Obama supporters have to take whatever crumbs of comfort they can find this morning. The defeat of Tea Party favourites Sharron Angle and Christine “I am you” O’Donnell, in Nevada and Delaware respectively, kept Democrats from ceding control of the Senate and showed that even disillusioned voters think twice before pulling the lever for the conservative fringe. In California, Barbara Boxer saw off Carly Fiorina in the Senate race and – here comes the protest-song link – Jerry Brown returned to the governor’s mansion he vacated in 1983.
I first heard of Jerry Brown through the Dead Kennedys’ 1979 single California Uber Alles and, understandably, I thought he was an asshole. Jello Biafra portrayed him as a “zen fascist” on his way to the White House and a kind of new age dictatorship. Only years later did I learn that Brown was a textbook progressive who opposed the Vietnam war and the death penalty, appointed liberal judges and locked horns with the oil industry over environmental regulations. He even dated Linda Ronstadt and was named Groupie of the Year by Rolling Stone. OK, you can see why his boomer smugness didn’t endear him to the punks, but he was hardly the scariest politician on the scene on the verge of the 80s. While writing my chapter on the Dead Kennedys I asked Biafra about this disconnect between the man and the song and this is what he said:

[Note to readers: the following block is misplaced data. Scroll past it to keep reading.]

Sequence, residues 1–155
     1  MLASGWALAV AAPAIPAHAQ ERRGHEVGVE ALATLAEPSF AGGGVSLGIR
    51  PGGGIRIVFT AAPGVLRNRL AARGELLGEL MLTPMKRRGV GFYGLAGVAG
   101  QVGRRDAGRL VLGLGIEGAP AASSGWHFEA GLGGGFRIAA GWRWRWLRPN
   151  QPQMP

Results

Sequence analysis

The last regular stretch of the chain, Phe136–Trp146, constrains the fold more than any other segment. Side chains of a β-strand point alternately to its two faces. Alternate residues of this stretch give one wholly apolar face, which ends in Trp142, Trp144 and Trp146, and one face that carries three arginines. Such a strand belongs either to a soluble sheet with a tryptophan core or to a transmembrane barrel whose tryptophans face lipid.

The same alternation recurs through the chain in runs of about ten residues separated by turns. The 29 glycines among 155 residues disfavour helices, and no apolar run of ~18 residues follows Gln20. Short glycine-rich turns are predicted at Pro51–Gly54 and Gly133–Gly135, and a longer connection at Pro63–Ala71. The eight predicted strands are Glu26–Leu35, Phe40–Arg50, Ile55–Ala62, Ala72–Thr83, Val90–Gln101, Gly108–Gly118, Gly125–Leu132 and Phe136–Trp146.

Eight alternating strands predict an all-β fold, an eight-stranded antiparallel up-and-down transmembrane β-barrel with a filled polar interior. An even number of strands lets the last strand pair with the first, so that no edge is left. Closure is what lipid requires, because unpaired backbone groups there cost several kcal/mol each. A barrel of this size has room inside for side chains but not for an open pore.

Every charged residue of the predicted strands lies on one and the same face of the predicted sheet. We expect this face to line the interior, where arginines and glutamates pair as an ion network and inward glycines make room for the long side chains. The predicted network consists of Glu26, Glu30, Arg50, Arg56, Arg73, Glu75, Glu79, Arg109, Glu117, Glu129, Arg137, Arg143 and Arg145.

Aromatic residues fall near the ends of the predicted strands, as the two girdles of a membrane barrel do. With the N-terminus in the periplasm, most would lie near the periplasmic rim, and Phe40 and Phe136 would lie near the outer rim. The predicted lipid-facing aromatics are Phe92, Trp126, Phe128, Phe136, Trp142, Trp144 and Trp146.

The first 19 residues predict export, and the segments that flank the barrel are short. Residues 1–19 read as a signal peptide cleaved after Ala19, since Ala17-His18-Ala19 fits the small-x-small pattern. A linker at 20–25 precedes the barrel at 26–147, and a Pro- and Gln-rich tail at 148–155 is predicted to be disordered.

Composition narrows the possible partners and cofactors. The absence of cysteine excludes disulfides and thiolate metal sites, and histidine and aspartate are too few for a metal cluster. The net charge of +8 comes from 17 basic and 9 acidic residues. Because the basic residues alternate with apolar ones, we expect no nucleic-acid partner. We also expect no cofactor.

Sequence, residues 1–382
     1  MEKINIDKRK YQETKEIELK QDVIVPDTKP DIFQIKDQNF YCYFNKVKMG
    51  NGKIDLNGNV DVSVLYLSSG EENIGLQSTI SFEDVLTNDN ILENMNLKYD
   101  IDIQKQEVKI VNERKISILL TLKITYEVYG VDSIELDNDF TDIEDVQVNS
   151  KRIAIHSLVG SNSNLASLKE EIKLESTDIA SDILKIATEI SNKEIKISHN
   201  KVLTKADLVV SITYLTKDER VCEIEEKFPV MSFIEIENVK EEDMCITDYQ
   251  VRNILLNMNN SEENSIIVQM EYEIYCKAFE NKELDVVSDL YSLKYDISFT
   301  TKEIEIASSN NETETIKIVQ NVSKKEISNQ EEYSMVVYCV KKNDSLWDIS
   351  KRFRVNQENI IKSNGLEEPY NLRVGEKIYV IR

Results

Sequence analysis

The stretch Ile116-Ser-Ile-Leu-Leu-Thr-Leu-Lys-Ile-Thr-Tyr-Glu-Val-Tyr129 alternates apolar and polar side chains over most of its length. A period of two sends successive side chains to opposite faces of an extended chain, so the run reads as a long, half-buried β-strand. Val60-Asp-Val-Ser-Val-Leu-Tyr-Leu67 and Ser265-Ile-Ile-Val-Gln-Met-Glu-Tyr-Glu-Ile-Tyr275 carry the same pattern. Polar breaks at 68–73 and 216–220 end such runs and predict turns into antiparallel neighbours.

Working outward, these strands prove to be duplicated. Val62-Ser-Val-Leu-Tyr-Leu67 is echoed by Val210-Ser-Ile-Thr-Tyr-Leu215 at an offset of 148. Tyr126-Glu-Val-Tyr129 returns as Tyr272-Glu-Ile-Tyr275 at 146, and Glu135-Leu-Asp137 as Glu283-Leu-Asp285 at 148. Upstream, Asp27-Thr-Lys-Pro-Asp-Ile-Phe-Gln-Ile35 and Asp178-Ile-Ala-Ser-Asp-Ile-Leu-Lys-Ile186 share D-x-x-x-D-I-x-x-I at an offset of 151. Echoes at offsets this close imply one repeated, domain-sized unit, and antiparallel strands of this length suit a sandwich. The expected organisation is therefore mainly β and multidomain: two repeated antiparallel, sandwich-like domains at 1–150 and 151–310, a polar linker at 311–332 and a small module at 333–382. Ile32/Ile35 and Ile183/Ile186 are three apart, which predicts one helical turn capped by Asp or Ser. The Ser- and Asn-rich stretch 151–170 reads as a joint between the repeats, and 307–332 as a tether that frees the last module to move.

Keep in mind that I had just escaped from Boulder, Colorado where every other person was searching for a guru to tell them what to do. Any wacky cult or new age movement can find very fertile ground in Boulder and I was really scared by this and thought it was dishonest and evil and so I thought, ‘Oh my god after all this rebellion I expected more out of the 70s than people wandering in the mental darkness looking for someone with all the answers to tell them what to do.’ And one powerful politician alone seemed to be able to tap into that and thus Jerry Brown is the focus of California Uber Alles. But when Reagan stormed in and I realised what was at stake with the religious right claiming they owned the country and people more extreme even than the supporters of Richard Nixon, I realised that was a much bigger threat, thus California Uber Alles evolving into We’ve Got a Bigger Problem Now. It also set it up as kind of a folk song because now anybody can update it.
The year after the song came out, author and punk singer Jim Carroll saw Brown in the street and dashed over to give him a copy of the single. “Brown is probably the kind of guy who’ll take it home and give it a listen,” remarked Biafra.
Bonus beats: by popular demand, the Disposable Heroes of Hiphoprisy’s 1992 cover version about Republican governor Pete Wilson (1991-99), a much more deserving candidate.
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